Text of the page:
Researchers report that they have used a combination of computational and experimental methods to examine how a variety of cells produce different proteins and to measure noise, i.e., the variability in the amount of each protein they express for every step along the production process.
The team discovered that for 85% of genes, the noise magnitude is higher in the last step as compared to the first step. Noise has been shown to play a role in viral infection, antibiotic resistance, and drug resistance in cancer cells, according to the scientists.
“We are trying to determine whether differences in one step along the assembly line influences the final amount of proteins produced more than other steps,” says Leor S. Weinberger, Ph.D., the William and Ute Bowes Distinguished Professor and director of the Center for Cell Circuitry at the Gladstone Institutes.
“When thinking about gene expression, we used to be unsure how each step contributed to the final outcome,” adds Maike Hansen, Ph.D. postdoctoral scholar in Dr. Weinberger’s laboratory and first author of the new study. “But we discovered that one step works very differently than we thought. It’s as if you always thought the production process was very streamlined, but then realized it’s actually much noisier.”
The researchers say their study, (“Cytoplasmic Amplification of Transcriptional Noise Generates Substantial Cell-to-Cell Variability”), published Cell Systems, indicates that the scientific community may have been misinterpreting an important step in gene expression for a long time. This could impact work by synthetic and systems biologists, as well as cell biologists, they point out.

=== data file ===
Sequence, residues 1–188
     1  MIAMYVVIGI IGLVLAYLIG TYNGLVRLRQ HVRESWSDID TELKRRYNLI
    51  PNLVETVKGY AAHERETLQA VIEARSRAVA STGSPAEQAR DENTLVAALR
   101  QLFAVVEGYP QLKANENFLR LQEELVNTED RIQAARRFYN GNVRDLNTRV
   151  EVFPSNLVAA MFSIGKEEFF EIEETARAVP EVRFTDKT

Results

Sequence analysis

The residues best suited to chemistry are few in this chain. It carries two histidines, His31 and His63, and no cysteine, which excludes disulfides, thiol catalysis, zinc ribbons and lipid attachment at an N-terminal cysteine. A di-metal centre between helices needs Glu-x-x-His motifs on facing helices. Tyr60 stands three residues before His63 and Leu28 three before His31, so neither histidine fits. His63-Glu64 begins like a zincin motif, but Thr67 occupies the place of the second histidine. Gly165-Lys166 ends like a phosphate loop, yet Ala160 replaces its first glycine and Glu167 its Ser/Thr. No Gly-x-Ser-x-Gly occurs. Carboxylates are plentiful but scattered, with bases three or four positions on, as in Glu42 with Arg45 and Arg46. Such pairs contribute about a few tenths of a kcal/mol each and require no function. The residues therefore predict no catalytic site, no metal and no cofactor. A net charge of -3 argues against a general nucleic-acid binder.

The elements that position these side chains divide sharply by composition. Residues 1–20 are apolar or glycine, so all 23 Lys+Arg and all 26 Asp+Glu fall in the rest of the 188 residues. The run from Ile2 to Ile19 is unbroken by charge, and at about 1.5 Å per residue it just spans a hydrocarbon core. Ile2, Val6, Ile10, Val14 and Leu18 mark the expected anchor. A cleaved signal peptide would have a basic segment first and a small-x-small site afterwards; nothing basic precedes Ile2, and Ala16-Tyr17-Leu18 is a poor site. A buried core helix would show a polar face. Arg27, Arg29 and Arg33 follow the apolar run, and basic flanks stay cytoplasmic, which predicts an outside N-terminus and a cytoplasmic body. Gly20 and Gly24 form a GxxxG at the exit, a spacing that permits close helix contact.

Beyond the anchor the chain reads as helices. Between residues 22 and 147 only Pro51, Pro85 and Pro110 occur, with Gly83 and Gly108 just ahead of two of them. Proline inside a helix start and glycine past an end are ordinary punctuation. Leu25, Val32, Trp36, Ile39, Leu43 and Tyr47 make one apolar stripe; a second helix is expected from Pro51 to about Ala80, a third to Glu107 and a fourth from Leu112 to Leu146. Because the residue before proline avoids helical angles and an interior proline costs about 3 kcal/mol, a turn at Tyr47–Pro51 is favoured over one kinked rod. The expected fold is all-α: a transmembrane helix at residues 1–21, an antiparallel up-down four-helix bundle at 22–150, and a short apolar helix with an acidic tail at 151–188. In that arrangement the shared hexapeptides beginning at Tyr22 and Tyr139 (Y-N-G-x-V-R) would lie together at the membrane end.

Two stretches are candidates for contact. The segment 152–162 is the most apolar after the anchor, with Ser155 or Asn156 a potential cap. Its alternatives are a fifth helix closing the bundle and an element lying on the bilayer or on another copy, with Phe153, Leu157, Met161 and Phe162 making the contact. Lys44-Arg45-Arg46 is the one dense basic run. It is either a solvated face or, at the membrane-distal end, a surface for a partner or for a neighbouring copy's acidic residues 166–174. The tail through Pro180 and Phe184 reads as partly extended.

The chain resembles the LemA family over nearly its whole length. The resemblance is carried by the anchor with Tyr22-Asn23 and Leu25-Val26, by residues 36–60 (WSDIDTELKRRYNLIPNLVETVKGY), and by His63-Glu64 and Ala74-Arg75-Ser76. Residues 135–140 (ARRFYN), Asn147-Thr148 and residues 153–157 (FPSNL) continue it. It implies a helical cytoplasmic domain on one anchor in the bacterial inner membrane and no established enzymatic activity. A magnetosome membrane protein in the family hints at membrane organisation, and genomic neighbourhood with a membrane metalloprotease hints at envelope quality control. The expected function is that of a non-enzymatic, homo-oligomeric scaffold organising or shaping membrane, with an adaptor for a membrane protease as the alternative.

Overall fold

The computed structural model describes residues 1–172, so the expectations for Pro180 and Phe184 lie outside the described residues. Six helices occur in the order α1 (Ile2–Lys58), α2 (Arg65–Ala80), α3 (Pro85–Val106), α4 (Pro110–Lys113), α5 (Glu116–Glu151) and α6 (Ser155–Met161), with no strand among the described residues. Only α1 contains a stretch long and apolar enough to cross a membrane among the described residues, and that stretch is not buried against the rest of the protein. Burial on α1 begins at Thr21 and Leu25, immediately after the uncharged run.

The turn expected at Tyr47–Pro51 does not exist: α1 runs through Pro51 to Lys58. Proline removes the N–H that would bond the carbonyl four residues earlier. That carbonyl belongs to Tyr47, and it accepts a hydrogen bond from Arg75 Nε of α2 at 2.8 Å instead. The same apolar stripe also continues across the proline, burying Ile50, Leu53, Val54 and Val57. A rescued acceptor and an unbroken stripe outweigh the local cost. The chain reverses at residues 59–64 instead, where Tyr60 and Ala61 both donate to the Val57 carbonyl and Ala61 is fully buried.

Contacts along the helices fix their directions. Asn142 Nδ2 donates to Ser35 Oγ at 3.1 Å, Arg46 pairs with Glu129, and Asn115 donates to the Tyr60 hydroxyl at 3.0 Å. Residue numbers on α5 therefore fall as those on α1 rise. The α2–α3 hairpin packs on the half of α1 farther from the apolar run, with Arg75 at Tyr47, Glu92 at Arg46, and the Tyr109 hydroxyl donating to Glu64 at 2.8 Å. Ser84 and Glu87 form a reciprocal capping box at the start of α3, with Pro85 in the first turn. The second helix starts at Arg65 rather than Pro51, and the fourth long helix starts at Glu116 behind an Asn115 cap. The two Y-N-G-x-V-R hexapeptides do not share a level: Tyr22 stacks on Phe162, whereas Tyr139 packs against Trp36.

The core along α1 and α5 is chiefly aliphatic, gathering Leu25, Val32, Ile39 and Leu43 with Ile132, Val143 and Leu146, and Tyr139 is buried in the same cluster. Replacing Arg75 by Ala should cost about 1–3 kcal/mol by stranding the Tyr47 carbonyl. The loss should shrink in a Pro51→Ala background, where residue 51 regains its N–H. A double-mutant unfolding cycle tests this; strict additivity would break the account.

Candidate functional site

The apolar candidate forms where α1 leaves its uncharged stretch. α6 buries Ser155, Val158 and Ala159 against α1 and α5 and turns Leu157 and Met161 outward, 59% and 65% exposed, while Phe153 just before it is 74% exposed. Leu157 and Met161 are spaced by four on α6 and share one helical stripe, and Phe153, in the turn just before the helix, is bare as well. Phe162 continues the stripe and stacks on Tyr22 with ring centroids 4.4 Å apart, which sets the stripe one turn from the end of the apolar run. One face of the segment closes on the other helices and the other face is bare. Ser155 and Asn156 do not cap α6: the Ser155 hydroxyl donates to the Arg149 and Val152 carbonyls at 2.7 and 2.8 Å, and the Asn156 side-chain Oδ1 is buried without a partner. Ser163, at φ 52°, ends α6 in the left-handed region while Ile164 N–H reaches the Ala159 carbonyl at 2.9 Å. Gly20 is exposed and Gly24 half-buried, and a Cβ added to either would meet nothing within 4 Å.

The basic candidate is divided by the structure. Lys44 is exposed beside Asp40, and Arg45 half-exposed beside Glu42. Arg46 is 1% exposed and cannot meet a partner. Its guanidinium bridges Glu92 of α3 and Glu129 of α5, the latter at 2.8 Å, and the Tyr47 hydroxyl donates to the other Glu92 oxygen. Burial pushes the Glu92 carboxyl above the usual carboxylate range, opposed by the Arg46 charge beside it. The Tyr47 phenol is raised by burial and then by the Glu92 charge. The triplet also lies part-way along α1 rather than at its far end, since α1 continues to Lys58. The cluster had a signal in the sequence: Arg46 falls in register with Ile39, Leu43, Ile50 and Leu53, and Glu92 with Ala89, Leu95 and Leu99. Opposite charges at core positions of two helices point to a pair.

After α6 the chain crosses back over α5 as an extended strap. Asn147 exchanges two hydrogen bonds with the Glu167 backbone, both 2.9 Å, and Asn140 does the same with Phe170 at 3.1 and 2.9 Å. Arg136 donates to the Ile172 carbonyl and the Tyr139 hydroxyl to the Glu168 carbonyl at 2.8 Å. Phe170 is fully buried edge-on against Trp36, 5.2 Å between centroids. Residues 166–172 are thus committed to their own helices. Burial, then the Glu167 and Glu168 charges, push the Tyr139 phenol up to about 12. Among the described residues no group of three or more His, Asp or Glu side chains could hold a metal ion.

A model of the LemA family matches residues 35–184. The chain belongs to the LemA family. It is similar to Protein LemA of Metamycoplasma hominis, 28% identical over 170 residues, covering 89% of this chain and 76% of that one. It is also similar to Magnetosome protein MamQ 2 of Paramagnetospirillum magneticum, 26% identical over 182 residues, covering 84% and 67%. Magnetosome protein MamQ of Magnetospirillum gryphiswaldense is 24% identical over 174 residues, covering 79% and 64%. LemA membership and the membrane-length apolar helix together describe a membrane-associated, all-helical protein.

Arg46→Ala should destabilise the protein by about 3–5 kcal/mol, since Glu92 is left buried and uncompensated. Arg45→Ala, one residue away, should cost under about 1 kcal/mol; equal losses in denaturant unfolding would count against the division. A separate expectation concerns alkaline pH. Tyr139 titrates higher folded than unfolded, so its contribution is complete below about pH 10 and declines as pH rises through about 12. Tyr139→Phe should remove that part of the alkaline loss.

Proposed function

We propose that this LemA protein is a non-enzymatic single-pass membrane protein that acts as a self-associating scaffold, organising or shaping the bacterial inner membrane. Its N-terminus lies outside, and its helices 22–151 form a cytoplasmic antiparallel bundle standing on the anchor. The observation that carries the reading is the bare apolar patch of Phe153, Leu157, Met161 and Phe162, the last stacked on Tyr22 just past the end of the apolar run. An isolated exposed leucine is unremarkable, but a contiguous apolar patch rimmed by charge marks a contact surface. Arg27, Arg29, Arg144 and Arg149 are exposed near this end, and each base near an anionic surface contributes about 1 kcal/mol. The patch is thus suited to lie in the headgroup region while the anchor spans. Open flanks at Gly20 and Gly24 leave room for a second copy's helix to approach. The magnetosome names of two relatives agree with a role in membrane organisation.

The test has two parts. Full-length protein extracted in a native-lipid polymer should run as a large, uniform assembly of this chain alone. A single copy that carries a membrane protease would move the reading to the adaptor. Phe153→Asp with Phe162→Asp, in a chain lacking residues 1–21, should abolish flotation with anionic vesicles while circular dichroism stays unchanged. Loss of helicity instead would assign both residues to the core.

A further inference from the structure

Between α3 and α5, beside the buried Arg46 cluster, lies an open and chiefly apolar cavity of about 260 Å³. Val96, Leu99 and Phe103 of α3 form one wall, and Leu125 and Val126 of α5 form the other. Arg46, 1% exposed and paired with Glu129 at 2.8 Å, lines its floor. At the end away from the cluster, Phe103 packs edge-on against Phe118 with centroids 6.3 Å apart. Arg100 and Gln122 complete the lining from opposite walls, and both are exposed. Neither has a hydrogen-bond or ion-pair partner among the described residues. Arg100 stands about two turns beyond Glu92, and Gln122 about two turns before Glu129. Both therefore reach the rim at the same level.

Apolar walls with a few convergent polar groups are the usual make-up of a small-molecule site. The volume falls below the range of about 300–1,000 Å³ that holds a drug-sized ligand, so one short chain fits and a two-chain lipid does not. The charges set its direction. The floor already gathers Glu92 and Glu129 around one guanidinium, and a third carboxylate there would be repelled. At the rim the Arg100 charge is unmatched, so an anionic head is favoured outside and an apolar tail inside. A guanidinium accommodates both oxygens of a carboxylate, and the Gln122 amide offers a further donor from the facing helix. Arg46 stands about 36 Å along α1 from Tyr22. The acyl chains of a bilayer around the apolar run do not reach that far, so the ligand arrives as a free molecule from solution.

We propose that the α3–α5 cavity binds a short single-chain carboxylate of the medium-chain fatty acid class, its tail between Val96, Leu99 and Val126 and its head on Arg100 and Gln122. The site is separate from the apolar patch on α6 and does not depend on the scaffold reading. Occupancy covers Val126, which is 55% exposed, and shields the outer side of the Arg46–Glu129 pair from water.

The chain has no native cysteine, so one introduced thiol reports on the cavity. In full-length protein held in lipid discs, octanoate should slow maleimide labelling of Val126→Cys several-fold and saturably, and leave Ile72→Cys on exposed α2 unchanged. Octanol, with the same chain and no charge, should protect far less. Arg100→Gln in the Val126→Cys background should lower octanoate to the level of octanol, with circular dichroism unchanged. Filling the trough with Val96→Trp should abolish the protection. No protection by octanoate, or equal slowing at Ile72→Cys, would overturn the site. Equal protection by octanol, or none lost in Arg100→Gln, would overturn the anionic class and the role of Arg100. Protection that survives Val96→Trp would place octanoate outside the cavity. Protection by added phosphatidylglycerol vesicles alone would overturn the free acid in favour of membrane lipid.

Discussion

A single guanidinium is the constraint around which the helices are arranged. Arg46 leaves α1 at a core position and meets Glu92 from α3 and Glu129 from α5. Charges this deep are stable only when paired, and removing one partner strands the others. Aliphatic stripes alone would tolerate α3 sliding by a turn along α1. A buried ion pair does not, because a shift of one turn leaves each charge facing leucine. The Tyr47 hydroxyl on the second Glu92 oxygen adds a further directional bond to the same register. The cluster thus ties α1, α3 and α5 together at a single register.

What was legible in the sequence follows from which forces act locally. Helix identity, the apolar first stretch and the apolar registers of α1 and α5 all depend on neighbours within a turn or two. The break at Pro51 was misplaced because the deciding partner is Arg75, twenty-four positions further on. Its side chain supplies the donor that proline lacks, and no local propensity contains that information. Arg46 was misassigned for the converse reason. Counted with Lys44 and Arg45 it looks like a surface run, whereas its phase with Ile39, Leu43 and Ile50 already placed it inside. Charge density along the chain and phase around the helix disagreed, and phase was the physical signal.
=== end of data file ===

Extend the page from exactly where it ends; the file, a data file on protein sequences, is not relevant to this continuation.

“Transcription is an episodic process characterized by probabilistic bursts, but how the transcriptional noise from these bursts is modulated by cellular physiology remains unclear. Using simulations and single-molecule RNA counting, we examined how cellular processes influence cell-to-cell variability (noise),” write the investigators.
“The results show that RNA noise is higher in the cytoplasm than the nucleus in ∼85% of genes across diverse promoters, genomic loci, and cell types (human and mouse). Measurements show further amplification of RNA noise in the cytoplasm, fitting a model of biphasic mRNA conversion between translation- and degradation-competent states. This multistate translation-degradation of mRNA also causes substantial noise amplification in protein levels, ultimately accounting for ∼74% of intrinsic protein variability in cell populations. Overall, the results demonstrate how noise from transcriptional bursts is intrinsically amplified by mRNA processing, leading to a large super-Poissonian variability in protein levels.”
The group’s next step will be to investigate what mechanisms the cells employ to control noise.
“We’ve discovered an important step that increases cell-to-cell differences. These differences contribute to difficulties in treating various diseases,” says Dr, Weinberger, who is also a professor of pharmaceutical chemistry at the University of California, San Francisco. “Once we understand the mechanisms involved, we can start to exploit them for therapeutic targets.”